Lawmakers in Connecticut are moving forward with a bill that would cap and indemnify facility fees that hospitals can charge patients.
The bill has bipartisan support in the state Senate, although the Connecticut Legislature has yet to vote on in it, The Middletown Press reported. It would cap facility charges at $100 and require insurers to pay the fees on behalf of patients. The bill would also ban the fee on two dozen procedures that the Medicare Payment Advisory Commission recently recommended that Medicare not cover.
Senate Minority Leader Leonard Fasaso, a Republican, said requiring insurers to pay the facility fee adds a "watchdog" aspect to how such fees are regulated and collected.
The bill comes in response to rising facilty fees in Connecticut. A report issued by that state's attorney general last year concluded that 22 hospitals out of 29 that operate in the state impose such fees, and they range from as little as $100 to as much as $1,000. The report concluded that most of the hospitals did a poor job disclosing such fees.
Facility fees have become a popular revenue generating tool among hospitals, particularly as the organizations acquire more physician practices. The fees are usually not only levied during a hospital inpatient visit or to an ambulatory care facilty, but also for visiting physician offices that are owned by hospitals.
However, the fees have also generated a significant amount of controversy, with many considering them onerous in light of the fact that patients face higher out-of-pocket costs. In 2012, Tenet Healthcare Corp. was sued by patients over a nearly $200 facility fee it inserted into bills for office visits that lasted for as little as 15 minutes.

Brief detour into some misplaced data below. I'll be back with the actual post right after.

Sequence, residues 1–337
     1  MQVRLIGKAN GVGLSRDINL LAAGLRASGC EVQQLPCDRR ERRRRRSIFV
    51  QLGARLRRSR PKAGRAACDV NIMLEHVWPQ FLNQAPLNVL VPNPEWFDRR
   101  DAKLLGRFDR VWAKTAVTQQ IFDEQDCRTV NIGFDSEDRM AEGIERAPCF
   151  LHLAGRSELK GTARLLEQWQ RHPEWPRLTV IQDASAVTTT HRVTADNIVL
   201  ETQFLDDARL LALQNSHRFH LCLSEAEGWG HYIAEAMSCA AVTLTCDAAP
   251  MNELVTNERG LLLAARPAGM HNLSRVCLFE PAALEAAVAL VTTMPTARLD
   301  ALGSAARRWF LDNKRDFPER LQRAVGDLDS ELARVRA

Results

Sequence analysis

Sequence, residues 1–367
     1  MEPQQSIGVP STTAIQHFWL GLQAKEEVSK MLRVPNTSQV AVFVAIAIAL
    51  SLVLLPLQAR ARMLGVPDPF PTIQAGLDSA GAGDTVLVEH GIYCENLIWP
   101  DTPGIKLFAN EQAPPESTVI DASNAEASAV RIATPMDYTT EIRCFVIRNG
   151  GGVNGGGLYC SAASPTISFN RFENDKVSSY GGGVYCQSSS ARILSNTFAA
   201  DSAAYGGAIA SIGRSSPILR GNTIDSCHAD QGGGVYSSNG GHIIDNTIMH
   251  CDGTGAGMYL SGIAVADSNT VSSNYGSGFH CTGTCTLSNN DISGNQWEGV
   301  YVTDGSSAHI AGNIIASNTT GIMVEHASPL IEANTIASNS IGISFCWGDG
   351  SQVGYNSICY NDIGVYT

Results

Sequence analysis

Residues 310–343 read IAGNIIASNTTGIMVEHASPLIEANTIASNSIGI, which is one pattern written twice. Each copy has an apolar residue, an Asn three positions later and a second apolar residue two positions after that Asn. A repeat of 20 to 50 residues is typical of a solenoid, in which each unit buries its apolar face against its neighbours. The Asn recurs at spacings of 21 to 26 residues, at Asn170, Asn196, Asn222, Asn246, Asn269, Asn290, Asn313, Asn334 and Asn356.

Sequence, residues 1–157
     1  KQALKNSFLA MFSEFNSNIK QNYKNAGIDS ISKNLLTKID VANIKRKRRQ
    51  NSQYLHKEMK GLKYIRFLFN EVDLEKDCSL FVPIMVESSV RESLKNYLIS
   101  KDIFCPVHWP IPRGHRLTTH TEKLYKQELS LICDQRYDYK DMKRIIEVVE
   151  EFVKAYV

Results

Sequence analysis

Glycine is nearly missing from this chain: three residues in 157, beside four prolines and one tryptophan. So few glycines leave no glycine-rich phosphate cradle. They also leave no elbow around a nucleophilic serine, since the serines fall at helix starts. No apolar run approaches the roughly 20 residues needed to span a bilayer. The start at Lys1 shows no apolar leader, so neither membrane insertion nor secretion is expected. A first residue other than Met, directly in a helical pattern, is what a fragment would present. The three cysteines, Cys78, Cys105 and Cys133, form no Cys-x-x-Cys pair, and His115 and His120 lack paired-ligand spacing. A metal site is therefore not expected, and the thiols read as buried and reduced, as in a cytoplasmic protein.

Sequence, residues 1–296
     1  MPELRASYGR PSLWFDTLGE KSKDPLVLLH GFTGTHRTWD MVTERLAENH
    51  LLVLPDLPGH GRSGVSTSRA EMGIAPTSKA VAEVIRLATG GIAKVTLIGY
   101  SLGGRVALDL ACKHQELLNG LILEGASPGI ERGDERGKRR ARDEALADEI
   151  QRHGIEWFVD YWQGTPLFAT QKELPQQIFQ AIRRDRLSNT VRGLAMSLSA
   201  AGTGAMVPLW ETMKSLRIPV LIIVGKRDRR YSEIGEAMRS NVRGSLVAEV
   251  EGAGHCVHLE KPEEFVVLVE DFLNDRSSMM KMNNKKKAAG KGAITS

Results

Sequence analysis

The regulatory environment in Connecticut appears to be hardening toward hospital operators that intend to reap as much revenue as possible. Tenet recently announced it would not purchase four hospitals in the state due to ongoing battles it has had with regulators, the Hartford Courant reported.
The Connecticut Hospital Association has yet to take a position on the bill, which is still being revised before it undergoes a vote in the Senate. "Patients, and all Connecticut residents, will benefit if the state is focused is on providing high-quality, cost-effective, integrated healthcare for everyone in Connecticut and achieving a sustainable environment for healthcare in our state. We look forward to seeing the fully drafted bills and collaborating with legislators to improve healthcare," a hospital association spokesperson said in a statement issued to the Middletown Press.